Month: June 2010

Summertime snippets

I am just settling into place in India, where I will be for much of the next six weeks. I am here partly because my daughter is volunteering at a school working with under-served children in Bangalore, India. I am also here because it is a great place to photograph (and spend part of the summer.) With summer and the idea of vacation in mind, my blog entries over next couple months may be shorter, the result of my own efforts to enjoy my holiday. Read More

The power of paper

If all goes well, this will be the last blog entry prompted by the discoveries that I made during my recent spring-cleaning. As I was reviewing, editing and purging old documents, files and papers, I had a few more flashes of wisdom worthy of one last blog entry. Those insights reminded me of the value of my having studied the history of photography in college. Although I make my living as a commercial photographer, that education, focused on the liberal arts, rather than on a specific skill, continues to serve me well, thirty-odd years later. Read More

preserving memories, sound or sight

I blogged (and podcasted) earlier this spring about the discoveries I made during my in-depth spring-cleaning. I explored what I learned about my own photography as I reviewed, edited and purged thousands of old photographs and transparencies. More recently, I have been similarly reviewing, editing and purging other old recordings, documents, files and papers. Some were personally poignant and others were professionally compelling. The entire process is worthy of at least a couple more blog entries. Read More

The contracting of our collective visual culture

I make most of my living as a stock photographer. Stock photography is rapidly changing. Those changes have been impacting me (and my peers) for quite a while. So far you are thinking to yourself, none of this is big news. The news is that recently, the pace of that change hit a tipping point for me (and I am guessing for the larger world of stock photography.) If you care about photography in general (and stock photography in particular,) then what has been happening lately is especially bad news. Read More

Gear and old gear

My last blog entry, exploring gear and goals left me thinking about my own gear acquisition history. I have written before about how, these days, I tend to be slow to adopt new gear. I only displace technology that works well for me if the newer technology is a notable improvement. (DSLRs that capture video are one example of a notable technology shift.) I will be first to admit this was not always the case. In college and during my first few years as a freelancer, I churned through different sets of gear. I was trying to figure out who I was as a photographer (and which technology would help me make the photographs I wanted to make.) In looking back, I have noted that certain pieces of gear have stayed with me throughout over my career, including some that have been with me a very long time. Read More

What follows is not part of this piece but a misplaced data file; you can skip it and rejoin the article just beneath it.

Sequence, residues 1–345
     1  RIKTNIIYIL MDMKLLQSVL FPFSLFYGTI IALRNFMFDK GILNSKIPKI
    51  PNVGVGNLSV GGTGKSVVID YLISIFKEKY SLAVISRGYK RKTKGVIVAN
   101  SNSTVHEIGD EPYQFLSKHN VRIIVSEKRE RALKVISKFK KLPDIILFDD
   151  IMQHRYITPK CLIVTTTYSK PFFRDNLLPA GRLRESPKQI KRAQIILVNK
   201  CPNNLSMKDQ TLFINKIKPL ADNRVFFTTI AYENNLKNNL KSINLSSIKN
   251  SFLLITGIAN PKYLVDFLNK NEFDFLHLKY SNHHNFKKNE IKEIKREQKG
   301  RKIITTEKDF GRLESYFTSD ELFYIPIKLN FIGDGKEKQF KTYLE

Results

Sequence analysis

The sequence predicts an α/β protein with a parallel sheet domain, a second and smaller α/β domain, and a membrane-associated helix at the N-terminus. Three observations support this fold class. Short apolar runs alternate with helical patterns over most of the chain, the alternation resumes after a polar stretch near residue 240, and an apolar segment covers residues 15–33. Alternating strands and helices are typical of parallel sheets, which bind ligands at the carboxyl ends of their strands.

Goals and gear

A friend wrote me with a variation of the most common question I am asked, “What gear should I buy next?” In a technology-based pursuit like photography, the question appears to make sense. This is doubly so in a creative pursuit which is largely shared through advertising driven media. Before I answered him, I grilled him with a few more questions. Then I came back to him with a suggestion for the one thing that every photographer should be spending more time and money on, especially these days. Read More

Exploring our responsibility to the people we photograph (part four)

Patient readers of this blog will know this is the fourth (and last) entry in a series exploring the question, what is the photographer’s responsibility to the people they photograph? I have been muddling through these four essays because it is not an easy question to answer. Similarly, there is no magic bullet or one size fits all solution. The one thing I can say with complete certainty is that anyone who claims to have such a simple, crystal clear answer is oversimplifying, has never worked in the real world, is delusional or all of the above. Read More

Exploring our responsibility to the people we photograph (part three)

In between making a living and preparing for a big trip to India I have been mining my career (and my memory) as I consider the question, what is the photographer’s responsibility to the people they photograph? Answering that question has been (and will continue to be) a work in progress for me over my entire career. I can think of a few points where I got that balance closer to right and a couple where I am less sure that I did that. Read More